FCA admits website data breach

The Financial Conduct Authority (FCA) has suffered the embarrassment of a second run-in with another regulator after 1,600 individuals had details disclosed online

The FCA referred itself to the Information Commissioner’s Office (ICO) following the discovery of a data breach resulting in the publication of confidential details of individuals on its website.

They said it had been made aware that, in a response to a Freedom of Information Act request published on its website in November 2019, certain underlying confidential information may have been accessible.

The response related to the number and nature of new complaints made against the FCA and handled by the complaints team between 2 January 2018 and 17 July 2019. Around 1,600 individuals had details disclosed.

The regulator has admitted that the publication of this information was a mistake by the FCA.

It has now removed the relevant data from its website, and has undertaken a full review to identify the extent of any information that may have been accessible. It has also referred itself to the ICO, and could face a substantial fine.

The FCA said that in many instances, the extent of the accessible information was only the name of the person making the complaint, with no further confidential details or specific details of their complaint.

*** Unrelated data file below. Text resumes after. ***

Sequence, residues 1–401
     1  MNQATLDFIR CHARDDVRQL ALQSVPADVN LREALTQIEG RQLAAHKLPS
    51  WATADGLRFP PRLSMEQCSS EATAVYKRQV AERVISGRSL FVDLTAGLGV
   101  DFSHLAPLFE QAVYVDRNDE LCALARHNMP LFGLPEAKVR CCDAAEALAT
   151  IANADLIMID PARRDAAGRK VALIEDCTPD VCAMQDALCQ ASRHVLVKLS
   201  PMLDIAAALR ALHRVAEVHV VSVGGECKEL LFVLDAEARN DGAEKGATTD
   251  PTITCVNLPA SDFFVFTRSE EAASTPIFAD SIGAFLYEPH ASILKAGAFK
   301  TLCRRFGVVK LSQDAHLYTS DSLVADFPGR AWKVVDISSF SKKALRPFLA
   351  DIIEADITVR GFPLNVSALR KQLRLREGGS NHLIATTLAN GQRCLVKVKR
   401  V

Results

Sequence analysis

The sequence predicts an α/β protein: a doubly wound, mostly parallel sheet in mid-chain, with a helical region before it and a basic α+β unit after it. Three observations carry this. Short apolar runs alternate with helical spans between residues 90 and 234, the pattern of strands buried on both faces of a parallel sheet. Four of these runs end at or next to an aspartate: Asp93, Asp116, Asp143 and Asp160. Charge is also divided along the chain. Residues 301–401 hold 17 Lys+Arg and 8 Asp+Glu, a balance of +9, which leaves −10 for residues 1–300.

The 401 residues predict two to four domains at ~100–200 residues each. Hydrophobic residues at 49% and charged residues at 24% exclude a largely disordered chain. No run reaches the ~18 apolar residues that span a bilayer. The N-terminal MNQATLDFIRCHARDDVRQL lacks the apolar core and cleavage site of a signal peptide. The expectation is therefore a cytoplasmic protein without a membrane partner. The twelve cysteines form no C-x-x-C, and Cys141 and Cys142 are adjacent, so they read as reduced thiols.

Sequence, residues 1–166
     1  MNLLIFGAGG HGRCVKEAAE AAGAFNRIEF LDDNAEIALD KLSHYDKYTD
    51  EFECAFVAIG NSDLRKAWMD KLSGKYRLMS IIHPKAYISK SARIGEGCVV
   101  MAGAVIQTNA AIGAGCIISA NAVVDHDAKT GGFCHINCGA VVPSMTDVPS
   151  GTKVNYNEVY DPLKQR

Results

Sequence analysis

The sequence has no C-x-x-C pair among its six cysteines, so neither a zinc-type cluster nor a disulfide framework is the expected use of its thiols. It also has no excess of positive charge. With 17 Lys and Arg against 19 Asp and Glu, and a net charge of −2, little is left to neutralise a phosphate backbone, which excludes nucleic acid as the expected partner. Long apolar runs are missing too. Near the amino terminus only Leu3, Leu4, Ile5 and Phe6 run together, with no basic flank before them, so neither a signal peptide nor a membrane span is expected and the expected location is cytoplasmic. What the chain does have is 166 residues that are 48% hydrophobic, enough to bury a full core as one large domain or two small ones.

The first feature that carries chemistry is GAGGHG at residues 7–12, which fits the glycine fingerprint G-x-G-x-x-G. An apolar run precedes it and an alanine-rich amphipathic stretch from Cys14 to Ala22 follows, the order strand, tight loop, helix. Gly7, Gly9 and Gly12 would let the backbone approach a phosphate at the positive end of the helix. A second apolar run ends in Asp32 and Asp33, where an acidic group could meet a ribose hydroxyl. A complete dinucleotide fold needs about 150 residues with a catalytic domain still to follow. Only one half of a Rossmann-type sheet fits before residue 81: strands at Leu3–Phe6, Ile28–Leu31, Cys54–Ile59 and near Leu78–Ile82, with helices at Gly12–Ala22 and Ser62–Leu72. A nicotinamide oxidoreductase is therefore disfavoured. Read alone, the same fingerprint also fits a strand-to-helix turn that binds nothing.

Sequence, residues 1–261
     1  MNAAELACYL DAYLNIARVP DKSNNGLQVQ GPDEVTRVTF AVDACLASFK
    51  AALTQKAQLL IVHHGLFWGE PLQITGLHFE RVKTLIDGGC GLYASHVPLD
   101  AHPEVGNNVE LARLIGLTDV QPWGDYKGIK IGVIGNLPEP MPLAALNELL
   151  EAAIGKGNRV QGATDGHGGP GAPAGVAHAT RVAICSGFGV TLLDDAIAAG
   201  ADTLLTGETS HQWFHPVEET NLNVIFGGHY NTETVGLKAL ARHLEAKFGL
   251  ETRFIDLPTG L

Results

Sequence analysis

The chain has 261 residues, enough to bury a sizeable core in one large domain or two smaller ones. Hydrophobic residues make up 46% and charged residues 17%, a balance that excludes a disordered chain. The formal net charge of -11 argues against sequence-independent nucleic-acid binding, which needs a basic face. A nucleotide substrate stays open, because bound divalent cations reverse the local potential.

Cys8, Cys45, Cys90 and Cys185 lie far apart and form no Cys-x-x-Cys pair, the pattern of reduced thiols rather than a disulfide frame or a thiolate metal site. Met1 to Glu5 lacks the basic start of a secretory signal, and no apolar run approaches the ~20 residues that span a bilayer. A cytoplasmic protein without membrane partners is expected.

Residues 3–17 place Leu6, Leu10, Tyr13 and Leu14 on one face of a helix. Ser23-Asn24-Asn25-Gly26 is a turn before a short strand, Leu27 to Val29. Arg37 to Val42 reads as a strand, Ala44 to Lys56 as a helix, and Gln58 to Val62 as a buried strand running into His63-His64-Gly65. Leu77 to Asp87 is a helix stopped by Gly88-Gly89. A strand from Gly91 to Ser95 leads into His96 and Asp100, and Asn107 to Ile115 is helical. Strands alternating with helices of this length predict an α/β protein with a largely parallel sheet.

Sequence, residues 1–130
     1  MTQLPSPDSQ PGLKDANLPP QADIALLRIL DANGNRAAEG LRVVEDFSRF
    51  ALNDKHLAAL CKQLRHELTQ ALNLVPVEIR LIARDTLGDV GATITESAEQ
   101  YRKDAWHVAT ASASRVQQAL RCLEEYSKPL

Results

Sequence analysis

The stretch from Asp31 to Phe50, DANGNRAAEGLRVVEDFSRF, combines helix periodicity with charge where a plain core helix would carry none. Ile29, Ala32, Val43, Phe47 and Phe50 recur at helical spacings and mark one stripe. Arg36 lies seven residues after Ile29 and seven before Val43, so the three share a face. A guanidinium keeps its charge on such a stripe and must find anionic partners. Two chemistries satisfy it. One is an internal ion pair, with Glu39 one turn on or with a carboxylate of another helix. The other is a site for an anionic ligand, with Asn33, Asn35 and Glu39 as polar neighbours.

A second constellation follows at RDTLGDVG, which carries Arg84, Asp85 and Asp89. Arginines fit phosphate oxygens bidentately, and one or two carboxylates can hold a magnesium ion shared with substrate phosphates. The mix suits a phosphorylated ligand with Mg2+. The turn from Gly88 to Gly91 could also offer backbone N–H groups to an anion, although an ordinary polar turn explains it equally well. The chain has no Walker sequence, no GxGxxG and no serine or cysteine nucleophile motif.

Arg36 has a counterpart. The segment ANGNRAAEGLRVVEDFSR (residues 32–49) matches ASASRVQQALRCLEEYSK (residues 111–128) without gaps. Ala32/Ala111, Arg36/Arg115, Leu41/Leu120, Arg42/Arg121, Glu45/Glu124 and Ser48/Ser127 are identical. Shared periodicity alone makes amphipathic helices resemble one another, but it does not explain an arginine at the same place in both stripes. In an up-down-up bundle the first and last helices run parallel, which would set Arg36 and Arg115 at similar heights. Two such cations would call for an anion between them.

However, there are instances where additional confidential information was contained within the description of the complaint, for example an address, telephone number, or other information. Where this is the case, the FCA is making direct contact with the individuals concerned to apologise and to advise them of the extent of the data disclosed and what the next steps might be.

No financial, payment card, passport or other identity information were included.

The FCA’s latest difficulty follows its problems at the start of the year with The Pensions Regulator, which levied a £2,000 penalty, the maximum possible, over deficiencies in the paperwork relating to the FCA’s pension scheme.

Regulator fines FCA over pension compliance failure

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